Anti-tax tea parties protest taxes and spending
Anti-tax tea parties scheduled for Tax Day took their inspiration from the nation's original tax revolt, the Boston Tea Party. Protesters at tea parties and rallies throughout the country want to send Washington a clear message that many Americans are outraged about increases in government spending, taxation, and the deficit. TEA is the acronym for Taxed Enough Already.
Thousands rallied around the country. The National Tax Day Tea Party brought 5,000 to the state capitol in Olympia, Washington. Five thousand rallied in Madison, Wisconsin, and at least 3,000 cheered a re-enactment in Sioux Falls, South Dakota. Thousands more protested in Cincinnati, Ohio, Providence, Rhode Island and Chicago, where crowd estimates were at least 4,000. Police estimated that 3,000 people rallied at the state capitol in Hartford, Connecticut. More than 1,000 people gathered on the steps of the state Capitol In Des Moines, Iowa, wearing red shirts proclaiming "revolution is brewing." One thousand protested in Louisville, Kentucky.
Some planned events were actual tea parties and re-enactments of the Boston Tea Party, but many of the events were public rallies, organized with the help of e-mail and social networking sites, Facebook and YouTube.
Between 5,000 and 10,000 are expected to rally tonight in Atlanta where Sean Hannity of FOXNews and former U.S. Representative Dick Armey will speak. Former Speaker of the House Newt Gingrich is also expected to draw a crowd of thousands when he speaks in New York City tonight.
In Texas, Governor Rick Perry was scheduled to speak at tea parties in Arlington, Fort Worth, and Austin, and anti-tax protesters in Galveston were asked to sign tea bags and send them to their representatives in Washington, the Galveston Daily News reports.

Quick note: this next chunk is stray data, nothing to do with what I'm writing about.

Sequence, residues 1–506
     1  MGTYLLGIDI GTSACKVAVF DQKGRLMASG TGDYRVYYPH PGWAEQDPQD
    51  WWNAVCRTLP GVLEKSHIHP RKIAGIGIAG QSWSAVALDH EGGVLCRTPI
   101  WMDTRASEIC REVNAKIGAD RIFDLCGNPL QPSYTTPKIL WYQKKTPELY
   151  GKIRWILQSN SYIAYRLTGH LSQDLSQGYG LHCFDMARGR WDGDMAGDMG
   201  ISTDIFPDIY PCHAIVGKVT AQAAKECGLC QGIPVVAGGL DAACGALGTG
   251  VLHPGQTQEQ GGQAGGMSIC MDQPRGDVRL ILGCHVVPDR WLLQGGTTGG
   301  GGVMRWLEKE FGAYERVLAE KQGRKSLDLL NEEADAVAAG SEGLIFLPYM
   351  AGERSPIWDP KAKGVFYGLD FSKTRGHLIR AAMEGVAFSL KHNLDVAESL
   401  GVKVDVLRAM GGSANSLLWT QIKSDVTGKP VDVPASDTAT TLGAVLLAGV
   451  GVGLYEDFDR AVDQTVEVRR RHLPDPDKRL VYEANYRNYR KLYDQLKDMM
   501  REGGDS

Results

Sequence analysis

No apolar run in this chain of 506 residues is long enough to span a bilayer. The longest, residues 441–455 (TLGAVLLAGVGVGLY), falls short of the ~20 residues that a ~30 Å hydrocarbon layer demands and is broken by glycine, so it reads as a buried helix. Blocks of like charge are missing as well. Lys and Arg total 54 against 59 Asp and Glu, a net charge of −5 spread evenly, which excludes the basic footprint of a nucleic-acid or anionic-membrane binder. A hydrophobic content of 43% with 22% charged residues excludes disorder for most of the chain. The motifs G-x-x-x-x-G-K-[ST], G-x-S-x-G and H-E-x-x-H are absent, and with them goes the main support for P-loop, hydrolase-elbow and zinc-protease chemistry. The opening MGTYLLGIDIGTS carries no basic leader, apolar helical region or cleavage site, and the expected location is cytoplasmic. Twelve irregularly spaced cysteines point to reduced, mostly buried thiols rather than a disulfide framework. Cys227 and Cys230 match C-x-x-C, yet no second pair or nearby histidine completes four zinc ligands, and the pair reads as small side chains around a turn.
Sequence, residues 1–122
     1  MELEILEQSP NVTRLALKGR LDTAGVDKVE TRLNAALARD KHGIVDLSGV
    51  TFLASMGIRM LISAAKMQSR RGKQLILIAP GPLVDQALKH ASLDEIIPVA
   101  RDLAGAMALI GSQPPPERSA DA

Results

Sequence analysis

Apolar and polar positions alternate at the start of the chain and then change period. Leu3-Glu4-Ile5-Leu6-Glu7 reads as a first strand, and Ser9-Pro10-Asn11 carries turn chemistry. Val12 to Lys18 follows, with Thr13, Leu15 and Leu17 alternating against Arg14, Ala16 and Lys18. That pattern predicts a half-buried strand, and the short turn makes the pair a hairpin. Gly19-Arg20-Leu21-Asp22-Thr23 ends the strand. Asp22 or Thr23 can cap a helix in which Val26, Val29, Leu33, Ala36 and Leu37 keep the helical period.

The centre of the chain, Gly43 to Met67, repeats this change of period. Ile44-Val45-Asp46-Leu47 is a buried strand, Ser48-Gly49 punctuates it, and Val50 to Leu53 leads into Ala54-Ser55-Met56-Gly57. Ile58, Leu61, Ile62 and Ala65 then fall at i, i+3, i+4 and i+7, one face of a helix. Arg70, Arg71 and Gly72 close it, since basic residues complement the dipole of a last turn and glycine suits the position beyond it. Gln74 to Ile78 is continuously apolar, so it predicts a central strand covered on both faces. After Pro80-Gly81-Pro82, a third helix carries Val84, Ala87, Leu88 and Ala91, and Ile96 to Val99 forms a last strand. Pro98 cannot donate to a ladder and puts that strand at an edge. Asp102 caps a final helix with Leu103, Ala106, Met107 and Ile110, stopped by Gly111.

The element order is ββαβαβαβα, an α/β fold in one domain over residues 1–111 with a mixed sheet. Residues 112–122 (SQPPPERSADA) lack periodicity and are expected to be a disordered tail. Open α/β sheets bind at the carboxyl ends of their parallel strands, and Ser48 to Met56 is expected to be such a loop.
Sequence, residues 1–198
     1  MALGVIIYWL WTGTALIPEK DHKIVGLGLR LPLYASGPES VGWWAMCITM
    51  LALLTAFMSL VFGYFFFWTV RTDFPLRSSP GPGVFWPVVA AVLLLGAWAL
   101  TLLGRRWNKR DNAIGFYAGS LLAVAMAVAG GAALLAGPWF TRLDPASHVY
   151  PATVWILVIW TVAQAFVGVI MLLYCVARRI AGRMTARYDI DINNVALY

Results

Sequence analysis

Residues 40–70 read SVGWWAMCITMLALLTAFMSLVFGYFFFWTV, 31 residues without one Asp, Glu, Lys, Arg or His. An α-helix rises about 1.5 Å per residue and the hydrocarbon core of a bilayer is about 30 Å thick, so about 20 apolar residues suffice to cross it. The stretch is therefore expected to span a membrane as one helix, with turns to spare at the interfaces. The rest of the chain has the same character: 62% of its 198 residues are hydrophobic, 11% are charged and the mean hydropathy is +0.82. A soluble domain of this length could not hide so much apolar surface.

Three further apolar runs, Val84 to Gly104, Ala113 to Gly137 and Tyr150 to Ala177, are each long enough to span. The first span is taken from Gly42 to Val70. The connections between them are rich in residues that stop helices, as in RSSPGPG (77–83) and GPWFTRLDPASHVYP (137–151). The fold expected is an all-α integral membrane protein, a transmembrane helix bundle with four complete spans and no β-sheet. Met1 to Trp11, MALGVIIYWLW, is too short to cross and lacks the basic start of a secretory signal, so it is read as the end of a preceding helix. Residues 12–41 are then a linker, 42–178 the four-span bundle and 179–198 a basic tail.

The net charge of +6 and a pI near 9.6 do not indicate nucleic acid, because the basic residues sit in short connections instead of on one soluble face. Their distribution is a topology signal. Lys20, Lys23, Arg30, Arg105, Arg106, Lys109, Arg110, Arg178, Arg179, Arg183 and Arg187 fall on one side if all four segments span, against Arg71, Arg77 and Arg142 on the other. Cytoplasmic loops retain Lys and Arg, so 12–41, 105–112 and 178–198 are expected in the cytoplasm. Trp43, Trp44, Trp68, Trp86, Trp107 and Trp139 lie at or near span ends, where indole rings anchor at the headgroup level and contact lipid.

Protesters in Rome, Georgia re-enacted the Boston Tea Party at a public rally. Layla Shipman and Mike Morton, who organized the tea party, said that they were doing it because, "It's very clear: Lots and lots of folks are very concerned with this rapid increase in spending beyond anything you can comprehend - this rapid increase in taxes that are going to burden our children and grandchildren." Representative Jack Kingston, Republican of Savannah, was expected to attend. Shipman and Morton started organizing the tea party two weeks ago, using Facebook, the Rome News Tribune reports. In the spirit of the original tea party, Rome protesters were scheduled to dump tea leaves into a local river at the end of their rally.
In Lansing, Michigan, more than 4,000 people attended a Taxpayer Tea Party on the grounds of the state Capitol. The atmosphere was festive, The Detroit News reports, with some in the crowd carrying American flags as they listened to piped-in country music and crowding around guest Samuel Joseph Wurzelbacher, aka "Joe the Plumber." Wurzelbacher told interviewers, "Some people buy into the mainstream media, but when people meet me they see I'm not some dumb redneck plumber. We all want less taxes and less government control. That's not a Republican or Democratic theme. That's an American theme."
Bridgett Wagner, director of coalition relations at the conservative Heritage Foundation, told USA Today that she sees a possible reprise of the tax revolt of the 1970s and '80s, when a California movement to slash and cap property taxes led to successful ballot measures from the West Coast to Michigan and Massachusetts.
"These movements in the past have shown that when people have finally had enough, even the politicians at some point have to listen," says Wagner, calling it a "bottom-up" phenomenon.
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